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Bond girl Olga Kurylenko on working with Pierce Brosnan in 'The November Man'

Olga Kurylenko attends the premiere of

Olga Kurylenko attends the premiere of "The November Man" at TCL Chinese Theatre in Los Angeles on Wednesday, Aug. 13, 2014. Credit: AP / Dan Steinberg

Olga Kurylenko's rise is like the American dream -- except East European style.

Born and raised in Ukraine (then part of the Soviet Union), her parents divorced when she was 3, and Mom (an art teacher) struggled to put bread on the table during the shortages after the Soviet Union collapsed. She did scrape together enough money to take her daughter, then 13, on a vacation to Moscow -- where the pretty young thing was discovered by a modeling scout. Kurylenko was soon living in Paris, gracing runways and magazine covers, and eventually broke into film.

Now 34, she's recently hit it big -- cast as Daniel Craig's Bond girl in "Quantum of Solace," and Tom Cruise's love interest in "Oblivion." Not bad, though Kurylenko seems almost aggressively modest about it all. Perhaps a background of some hardship makes her cautious about future success.

This month, she's running with former 007 himself Pierce Brosnan and up-and-comer Luke Bracey in the gritty, action-packed spy thriller "The November Man," hitting theaters Wednesday. She plays Alice Fournier, a human rights worker swept up in a web of intrigue involving CIA spies (Brosnan, Bracey). Little do they know she's got some secrets of her own.

Kurylenko recently spoke to Newsday contributor Joseph V. Amodio by phone from Paris.

You're really working in this film -- you act, play piano and stay standing in those crazy-high Louboutin stilettos they had you wear.

Oh, God. They look great, but gee ... it's hard to walk.

Did you learn piano for the movie?

Actually ... to my shame, I have to say, I studied piano as a child for seven years, so I should be playing like a concert pianist. I'm always very hard on myself. But I think after seven years ... I should be playing more. But I stopped. Still, you never forget -- it's like riding a bike.

You played a piece by the French composer Erik Satie.

I'd heard his music on iTunes and CDs but never played it before. So when Roger suggested it, I said, "Yeah, I'd love to." They made sure I had a piano available in Belgrade, where we filmed, and I practiced twice or three times a week till the day I had to shoot that scene and ... voilà.

What was Pierce Brosnan like? I've been lucky enough to interview him twice, and he's always been ... so classy. And respectful.

He's very gentle. And calm, but at the same time, he's funny. He's just very ... he's chill, you know? I never saw him stressed. A real gentleman. He has this kind of velvety feeling. He's a great guy. And, of course, an amazing actor.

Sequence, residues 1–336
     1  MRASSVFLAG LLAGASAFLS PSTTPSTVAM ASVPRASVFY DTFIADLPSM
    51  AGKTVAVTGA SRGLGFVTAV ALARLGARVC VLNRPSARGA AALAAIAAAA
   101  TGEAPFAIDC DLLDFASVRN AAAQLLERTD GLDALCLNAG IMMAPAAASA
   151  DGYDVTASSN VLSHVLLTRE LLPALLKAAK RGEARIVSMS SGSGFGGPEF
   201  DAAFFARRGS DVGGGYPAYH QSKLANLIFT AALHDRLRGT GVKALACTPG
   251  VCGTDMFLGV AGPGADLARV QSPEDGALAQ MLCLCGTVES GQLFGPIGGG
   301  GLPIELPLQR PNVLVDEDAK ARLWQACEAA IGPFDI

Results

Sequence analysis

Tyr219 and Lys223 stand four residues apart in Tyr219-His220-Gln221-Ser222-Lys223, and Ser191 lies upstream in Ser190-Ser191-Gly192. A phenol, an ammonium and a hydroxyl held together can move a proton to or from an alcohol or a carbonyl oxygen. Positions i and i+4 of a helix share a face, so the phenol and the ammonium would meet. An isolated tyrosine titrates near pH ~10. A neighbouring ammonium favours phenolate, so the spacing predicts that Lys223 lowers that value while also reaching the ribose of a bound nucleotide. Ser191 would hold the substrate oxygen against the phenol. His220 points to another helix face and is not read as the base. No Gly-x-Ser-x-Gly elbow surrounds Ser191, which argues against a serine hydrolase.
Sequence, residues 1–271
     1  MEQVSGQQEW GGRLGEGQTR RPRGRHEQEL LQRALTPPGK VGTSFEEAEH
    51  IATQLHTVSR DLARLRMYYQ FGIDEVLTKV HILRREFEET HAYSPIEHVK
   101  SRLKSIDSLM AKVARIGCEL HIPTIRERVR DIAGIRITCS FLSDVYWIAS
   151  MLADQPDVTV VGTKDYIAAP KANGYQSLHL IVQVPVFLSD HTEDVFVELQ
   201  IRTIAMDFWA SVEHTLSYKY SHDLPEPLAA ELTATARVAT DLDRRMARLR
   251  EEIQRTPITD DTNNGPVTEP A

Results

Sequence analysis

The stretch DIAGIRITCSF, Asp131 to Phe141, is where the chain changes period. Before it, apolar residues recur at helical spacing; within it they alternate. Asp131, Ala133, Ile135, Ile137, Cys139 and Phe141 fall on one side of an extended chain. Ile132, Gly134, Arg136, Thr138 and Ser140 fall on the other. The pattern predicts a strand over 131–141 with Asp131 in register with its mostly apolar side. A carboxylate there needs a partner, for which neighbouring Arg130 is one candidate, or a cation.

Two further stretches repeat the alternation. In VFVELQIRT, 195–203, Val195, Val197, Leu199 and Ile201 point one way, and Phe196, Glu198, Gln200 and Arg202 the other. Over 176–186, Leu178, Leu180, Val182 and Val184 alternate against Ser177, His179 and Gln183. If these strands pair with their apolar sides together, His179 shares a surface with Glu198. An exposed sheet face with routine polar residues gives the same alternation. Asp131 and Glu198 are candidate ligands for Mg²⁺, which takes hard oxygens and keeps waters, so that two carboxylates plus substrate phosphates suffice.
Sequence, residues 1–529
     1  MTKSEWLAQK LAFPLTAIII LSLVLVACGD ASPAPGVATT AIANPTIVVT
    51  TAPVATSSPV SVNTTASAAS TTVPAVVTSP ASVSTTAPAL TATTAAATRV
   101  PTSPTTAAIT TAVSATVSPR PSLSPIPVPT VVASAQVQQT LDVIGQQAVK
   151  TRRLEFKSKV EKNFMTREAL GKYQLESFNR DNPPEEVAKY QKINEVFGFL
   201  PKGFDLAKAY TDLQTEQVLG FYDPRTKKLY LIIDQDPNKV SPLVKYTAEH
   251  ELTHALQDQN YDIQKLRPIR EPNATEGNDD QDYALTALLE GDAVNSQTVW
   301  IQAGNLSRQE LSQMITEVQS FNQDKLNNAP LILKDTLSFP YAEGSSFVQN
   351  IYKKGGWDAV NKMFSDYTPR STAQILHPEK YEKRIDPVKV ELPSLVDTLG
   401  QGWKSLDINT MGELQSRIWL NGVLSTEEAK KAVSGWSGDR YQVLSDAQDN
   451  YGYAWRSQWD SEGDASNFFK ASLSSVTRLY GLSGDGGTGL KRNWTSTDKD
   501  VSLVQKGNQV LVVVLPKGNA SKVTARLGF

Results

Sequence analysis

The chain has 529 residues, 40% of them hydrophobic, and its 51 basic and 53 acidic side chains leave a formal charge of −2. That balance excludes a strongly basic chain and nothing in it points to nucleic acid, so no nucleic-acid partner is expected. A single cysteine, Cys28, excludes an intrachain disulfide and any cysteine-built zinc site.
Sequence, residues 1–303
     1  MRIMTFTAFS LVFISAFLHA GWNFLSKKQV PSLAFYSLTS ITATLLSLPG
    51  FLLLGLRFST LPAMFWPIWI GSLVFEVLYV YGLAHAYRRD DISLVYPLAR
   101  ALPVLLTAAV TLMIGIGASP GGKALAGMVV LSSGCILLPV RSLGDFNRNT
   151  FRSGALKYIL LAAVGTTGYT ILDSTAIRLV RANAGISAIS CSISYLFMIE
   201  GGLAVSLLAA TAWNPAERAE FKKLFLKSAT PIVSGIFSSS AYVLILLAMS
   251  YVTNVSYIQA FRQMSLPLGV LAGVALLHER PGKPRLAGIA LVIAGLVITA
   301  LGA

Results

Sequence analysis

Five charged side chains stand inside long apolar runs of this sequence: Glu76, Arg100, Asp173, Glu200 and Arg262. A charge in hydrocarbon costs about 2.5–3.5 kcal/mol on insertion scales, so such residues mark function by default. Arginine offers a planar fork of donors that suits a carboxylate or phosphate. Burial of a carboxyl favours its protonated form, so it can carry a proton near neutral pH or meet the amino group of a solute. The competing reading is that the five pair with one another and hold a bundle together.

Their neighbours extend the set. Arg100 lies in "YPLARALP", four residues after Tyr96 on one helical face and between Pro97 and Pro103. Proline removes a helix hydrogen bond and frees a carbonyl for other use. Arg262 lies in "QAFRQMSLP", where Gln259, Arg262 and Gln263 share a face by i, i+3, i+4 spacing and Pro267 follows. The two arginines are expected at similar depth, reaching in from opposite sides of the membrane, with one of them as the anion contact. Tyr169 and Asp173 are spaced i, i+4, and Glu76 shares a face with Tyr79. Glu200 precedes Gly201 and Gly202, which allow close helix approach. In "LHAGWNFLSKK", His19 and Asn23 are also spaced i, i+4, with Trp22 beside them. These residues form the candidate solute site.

Did you hang out?

Not much. I flew straight from the set of "The Vampire Academy," which shot in London, the next morning to Belgrade for this. And I shot every day for like three weeks. So it was hectic. But we went to dinner a few times with the crew. There was one dinner where we were invited by, um, the minister of culture or something, and we all sang karaoke. I was so embarrassed. Actually, Luke sang amazingly well. I regretted it, regretted it right away.

What's your go-to karaoke song?

I was trying to sing a Russian song. That was very funny.

You sang in Russian? How many languages do you speak?

Oh, you know, fluently, just English, French and Russian.

Oh ... just three, huh?

And then I speak less-fluent Spanish. I'm in "The Water Diviner," which comes out later this year, directed by Russell Crowe. When he called, he said, "How fast can you learn Turkish?" I said, "Easy." Not because I think so highly of myself -- actually, it's the opposite -- but if there's one thing I know about myself, I really can learn languages. You want me to learn Chinese tomorrow? I'll learn it. I love it. I have a passion for it. "The Water Diviner" is set around World War I, and the Gallipoli campaign.

Oh, that was a brutal series of battles -- Australia, New Zealand and Turkey lost hundreds of thousands of men.

Yes, very sad. I play a Turkish hotel owner whose husband has gone to war. Learning the language ... it makes me really get under the skin of that character, then I'm really someone else. I think half the movie I'm speaking in Turkish. I got Rosetta Stone -- it was great.

Ahh, that film sounds more serious. No crazy-high stiletto heels in that one. But I guess if you had to, we know you can wear 'em, no problem.

Well, y'knooooow ... I've had some training.

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